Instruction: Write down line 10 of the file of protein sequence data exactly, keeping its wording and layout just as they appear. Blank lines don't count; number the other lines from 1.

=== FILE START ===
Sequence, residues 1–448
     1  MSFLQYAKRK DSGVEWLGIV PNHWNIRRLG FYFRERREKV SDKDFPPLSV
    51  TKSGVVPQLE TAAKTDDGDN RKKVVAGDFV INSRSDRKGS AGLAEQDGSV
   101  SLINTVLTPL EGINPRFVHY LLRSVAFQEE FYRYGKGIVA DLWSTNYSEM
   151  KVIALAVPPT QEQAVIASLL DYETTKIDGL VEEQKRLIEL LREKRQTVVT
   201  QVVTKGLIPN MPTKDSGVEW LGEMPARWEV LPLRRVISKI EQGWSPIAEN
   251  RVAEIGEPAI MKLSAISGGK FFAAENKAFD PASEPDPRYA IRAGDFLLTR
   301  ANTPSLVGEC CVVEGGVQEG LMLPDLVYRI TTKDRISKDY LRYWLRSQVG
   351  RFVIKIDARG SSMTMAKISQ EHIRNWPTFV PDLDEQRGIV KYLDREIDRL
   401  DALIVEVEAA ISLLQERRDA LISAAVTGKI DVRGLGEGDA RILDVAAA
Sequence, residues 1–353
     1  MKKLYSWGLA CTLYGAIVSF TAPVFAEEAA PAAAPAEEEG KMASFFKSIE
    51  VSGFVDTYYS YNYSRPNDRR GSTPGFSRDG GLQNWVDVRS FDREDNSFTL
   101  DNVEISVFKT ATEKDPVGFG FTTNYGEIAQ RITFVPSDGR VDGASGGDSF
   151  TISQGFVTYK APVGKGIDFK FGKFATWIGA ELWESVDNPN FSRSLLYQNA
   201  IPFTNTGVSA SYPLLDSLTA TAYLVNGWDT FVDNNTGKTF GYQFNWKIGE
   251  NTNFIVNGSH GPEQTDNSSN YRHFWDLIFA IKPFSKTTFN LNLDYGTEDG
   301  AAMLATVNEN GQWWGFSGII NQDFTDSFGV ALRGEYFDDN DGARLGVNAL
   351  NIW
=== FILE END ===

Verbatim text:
   401  DALIVEVEAA ISLLQERRDA LISAAVTGKI DVRGLGEGDA RILDVAAA